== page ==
The most common location for stone formation in the pediatric population is the submandibular gland. A study by Chung and colleagues of 29 pediatric patients demonstrated that the submandibular gland was affected in more than 90% of cases.12 This finding is similar to studies in adults. Another study by Lustmann and colleagues revealed the submandibular gland was affected in 94% of patients of all ages.7 Possible reasons why the submandibular gland is most often affected may be due to slower flow of secretions as well as higher calcium content.13 The parotid gland is the second-most common location and rarely the sublingual and minor salivary glands are involved.14 Sialolithiases in children are usually smaller, occur distally within the duct, and present with shorter symptoms duration.12,15
The clinical presentation of sialadenitis is consistent with the inflammatory state. The most common presenting symptom is swelling, followed by pain.7 Other symptoms include erythema, swelling associated with eating, and tenderness to palpation. Many times, purulence and/or mucus may be expressed by gentle manipulation of the gland and duct. In severe cases, systemic complications can extend into adjacent tissues or spread to distal sites.
Diagnosis of sialolithiasis/sialadenitis can be made by serology or gram stain when viral or bacterial etiologies are suspected. Imaging modalities may be necessary to rule out other life-threatening conditions such as Ludwig angina. These imaging modalities include plain radiographs, ultrasound, computed tomography (CT) with intravenous (IV) contrast, and sialography. In a retrospective case control study by Nahlieli and colleagues, 10 of the 15 cases (67%) of pediatric sialolithiasis were visible as radiopaque objects on radiographic film.15 However, up to 20% of submandibular salivary stones may be radiolucent on plain radiographs.11,16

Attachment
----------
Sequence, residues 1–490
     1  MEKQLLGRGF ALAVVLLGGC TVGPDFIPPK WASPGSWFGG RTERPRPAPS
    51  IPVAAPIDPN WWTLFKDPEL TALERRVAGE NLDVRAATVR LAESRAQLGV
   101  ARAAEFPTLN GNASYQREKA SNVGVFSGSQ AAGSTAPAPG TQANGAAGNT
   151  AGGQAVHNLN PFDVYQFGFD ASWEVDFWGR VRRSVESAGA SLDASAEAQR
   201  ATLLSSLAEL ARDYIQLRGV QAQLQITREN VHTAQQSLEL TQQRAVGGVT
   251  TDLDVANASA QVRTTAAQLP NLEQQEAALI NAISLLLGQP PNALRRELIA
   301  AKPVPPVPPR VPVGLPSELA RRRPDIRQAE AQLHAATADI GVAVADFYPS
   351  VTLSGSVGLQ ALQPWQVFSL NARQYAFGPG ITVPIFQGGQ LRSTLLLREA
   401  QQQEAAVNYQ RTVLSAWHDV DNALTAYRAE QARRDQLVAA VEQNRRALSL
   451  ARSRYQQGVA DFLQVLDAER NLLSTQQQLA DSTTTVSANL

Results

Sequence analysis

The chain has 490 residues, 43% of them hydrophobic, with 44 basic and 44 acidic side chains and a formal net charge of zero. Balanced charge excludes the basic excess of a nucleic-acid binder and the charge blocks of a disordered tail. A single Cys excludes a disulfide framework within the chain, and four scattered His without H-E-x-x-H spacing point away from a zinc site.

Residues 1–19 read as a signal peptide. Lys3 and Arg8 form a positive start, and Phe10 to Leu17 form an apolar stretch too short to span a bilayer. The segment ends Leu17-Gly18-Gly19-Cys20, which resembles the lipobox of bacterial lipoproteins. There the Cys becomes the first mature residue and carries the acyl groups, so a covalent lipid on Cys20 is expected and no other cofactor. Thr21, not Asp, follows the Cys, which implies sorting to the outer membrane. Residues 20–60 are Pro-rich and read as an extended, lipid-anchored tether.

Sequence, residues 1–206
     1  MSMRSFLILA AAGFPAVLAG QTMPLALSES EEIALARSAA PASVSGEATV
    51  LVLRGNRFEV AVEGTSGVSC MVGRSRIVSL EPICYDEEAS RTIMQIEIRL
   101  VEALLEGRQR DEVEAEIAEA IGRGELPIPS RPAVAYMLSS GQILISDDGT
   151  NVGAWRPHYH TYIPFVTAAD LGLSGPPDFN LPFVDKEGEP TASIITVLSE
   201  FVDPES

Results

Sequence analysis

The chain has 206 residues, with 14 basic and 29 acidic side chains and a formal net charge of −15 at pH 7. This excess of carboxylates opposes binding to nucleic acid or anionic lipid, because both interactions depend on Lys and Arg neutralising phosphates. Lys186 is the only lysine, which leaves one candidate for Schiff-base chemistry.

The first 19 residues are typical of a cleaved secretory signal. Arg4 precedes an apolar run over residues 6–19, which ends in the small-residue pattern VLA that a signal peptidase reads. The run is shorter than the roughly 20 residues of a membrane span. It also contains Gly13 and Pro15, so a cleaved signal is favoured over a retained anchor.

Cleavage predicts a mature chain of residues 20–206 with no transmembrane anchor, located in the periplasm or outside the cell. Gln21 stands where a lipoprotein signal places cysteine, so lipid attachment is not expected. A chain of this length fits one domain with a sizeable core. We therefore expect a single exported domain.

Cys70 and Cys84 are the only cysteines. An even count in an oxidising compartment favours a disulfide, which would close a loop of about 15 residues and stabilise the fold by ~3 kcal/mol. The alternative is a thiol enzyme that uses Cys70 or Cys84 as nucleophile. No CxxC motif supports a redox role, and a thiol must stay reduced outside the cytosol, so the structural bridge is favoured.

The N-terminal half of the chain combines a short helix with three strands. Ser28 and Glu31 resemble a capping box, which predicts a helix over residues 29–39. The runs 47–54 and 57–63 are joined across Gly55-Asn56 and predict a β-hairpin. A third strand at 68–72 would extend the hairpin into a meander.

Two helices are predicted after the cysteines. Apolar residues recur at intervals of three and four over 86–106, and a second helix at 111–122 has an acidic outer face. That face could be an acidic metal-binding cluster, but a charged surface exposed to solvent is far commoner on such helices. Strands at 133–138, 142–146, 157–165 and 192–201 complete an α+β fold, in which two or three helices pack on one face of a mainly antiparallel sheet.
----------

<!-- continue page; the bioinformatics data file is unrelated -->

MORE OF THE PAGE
Ultrasound can confirm the presence of an inflamed gland/duct, identify abscesses, and guide in aspiration, if clinically required.17 Computed tomography is the image modality of choice when abscess formation or systemic complications are suspected. However, information may be limited if the stones are smaller than 2 mm in size, and CT is often discouraged if the stone is palpable on exam.9 However, CT may be used for surgical planning for cases of salivary stones to detect the inflamed gland and identify the size, number of calculi, and location of the stones.17
Sialography is the gold study standard for evaluation of sialolithiasis. It is performed by injecting radiopaque dye into the intraductal system, followed by a plain radiograph. Sialograms are reported to be up to 100% effective in detecting ductal and intraglandular calculi. However, they are contraindicated in the acute phase as a sialogram is thought to aggravate the inflammatory state.8,18
Treatment of sialadenitis is often conservative and targeted toward the suspected etiology. Sialolithiasis causing acute symptoms is initially managed conservatively with broad spectrum antibiotics, analgesics, hydration, warm massage, and sialagogues. Most common bacterial etiologies include gram-positive organisms whereas gram-negatives are less frequently seen. Therefore, penicillin derivatives and cephalosporins will provide appropriate coverage as first-line antibiotics.6 A list of likely organisms is shown in Table 2.